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A LIFE IN Rock ’n’ Roll

It’s not all rock’n’roll for Vince Eager, as he recounts days of brief encounters with West End theatre producers as he gets pushed towards auditions for stage plays, musicals and even the movies…

During the 1950s and early 1960s, showbiz agents were in many ways much more important than the artists’ managers. The general public were often under the impression that it was the managers who were solely responsible for the success of an artist, but more often than not it was their agents too. And agents dealt in all sorts.

During the 1950s, there were various agencies located in London’s West End who solely put together variety shows for the hundreds of theatres across the UK. My manager, Larry Parnes, was involved with the Foster’s Agency of Piccadilly Circus which had various specialist departments handling theatres, films and television. Head of the variety department was one Hymie Zahl. Hymie was approximately five-feet tall, and that’s being generous, and his eyesight was even worse than that of Mr Magoo. When he read anything, it would, on occasions, have to be as close as two inches from his face; likewise when he was meeting you! With me at 6ft 4in, I had to lean forward… otherwise Hymie would have been talking to my navel. I really enjoyed Hymie’s company, however, and I think he did mine.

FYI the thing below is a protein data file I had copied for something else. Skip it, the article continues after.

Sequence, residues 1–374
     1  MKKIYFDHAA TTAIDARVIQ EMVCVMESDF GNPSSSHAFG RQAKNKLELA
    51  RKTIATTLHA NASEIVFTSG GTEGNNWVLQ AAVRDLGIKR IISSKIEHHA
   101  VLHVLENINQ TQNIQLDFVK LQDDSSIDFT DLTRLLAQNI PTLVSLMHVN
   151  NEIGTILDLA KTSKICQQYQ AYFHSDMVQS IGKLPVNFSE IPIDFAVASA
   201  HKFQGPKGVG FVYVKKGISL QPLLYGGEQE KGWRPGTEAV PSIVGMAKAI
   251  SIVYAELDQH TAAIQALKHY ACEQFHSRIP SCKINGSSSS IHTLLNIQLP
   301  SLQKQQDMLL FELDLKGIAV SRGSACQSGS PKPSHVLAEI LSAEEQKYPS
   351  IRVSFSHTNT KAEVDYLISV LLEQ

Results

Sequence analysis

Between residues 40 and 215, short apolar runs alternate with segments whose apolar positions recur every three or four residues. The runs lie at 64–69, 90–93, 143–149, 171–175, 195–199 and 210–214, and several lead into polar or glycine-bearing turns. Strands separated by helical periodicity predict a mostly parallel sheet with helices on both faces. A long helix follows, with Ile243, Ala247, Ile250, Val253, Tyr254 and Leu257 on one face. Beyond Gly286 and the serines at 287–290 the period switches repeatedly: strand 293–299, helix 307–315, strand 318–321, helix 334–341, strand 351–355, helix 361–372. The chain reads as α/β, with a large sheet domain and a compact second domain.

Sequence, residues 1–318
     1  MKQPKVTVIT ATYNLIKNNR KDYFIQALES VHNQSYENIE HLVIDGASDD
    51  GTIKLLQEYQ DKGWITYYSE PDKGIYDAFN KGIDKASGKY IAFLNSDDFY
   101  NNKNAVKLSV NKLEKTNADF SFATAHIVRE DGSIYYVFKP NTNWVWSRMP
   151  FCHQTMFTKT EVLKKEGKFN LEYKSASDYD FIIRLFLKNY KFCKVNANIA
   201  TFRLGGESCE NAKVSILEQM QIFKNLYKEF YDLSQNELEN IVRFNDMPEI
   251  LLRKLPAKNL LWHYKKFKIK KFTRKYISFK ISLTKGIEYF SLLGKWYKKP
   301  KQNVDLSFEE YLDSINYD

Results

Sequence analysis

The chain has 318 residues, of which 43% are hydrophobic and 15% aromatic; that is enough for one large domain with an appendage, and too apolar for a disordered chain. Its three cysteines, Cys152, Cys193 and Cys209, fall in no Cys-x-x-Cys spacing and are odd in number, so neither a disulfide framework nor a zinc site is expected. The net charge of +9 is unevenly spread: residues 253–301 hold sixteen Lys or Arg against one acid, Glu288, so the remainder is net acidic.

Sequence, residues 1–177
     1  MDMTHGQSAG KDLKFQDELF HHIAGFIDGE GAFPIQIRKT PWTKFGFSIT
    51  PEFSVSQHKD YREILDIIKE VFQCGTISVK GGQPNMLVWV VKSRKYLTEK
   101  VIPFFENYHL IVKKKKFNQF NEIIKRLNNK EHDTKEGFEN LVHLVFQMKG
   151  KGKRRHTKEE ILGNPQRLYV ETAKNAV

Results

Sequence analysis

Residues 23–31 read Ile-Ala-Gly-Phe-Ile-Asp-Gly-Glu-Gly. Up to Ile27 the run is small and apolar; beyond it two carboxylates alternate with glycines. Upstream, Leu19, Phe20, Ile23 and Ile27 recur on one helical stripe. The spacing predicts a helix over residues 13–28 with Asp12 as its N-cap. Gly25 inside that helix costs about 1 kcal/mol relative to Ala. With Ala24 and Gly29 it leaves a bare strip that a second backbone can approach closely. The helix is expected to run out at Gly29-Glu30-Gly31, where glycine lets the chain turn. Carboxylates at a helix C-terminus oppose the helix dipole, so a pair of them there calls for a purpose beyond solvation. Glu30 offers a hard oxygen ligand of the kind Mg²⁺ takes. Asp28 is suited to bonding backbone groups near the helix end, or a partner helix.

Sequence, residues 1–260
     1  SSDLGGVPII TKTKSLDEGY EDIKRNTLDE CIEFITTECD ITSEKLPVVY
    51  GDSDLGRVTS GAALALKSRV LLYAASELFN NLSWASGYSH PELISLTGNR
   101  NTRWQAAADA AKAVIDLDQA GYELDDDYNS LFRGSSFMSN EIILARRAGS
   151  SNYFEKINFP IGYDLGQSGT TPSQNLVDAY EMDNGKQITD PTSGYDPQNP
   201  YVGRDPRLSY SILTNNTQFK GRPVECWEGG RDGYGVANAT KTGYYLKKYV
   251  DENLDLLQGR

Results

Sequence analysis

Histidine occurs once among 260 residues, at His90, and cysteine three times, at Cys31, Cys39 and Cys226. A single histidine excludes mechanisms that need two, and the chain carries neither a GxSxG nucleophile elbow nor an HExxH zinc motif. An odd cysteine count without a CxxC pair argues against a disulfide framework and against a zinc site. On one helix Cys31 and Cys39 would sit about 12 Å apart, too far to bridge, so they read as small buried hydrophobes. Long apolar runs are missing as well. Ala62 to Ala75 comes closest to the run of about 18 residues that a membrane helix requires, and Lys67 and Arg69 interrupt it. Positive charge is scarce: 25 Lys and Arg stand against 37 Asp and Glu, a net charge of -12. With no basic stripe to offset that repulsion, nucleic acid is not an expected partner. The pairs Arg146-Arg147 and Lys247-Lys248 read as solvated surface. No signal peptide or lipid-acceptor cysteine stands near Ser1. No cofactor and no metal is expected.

Occasionally, unbeknownst to Larry Parnes, I would call into Hymie’s office for a chat: he was always very gracious and would suggest artistes I should see perform in order to learn my craft, and tell me of the dos and don’ts of the business. He knew I was a massive Johnnie Ray fan and, as he was Johnnie’s European representative, he arranged for me to see every performance of Johnnie’s when he appeared at the Cambridge Theatre for two weeks in the late 1950s.

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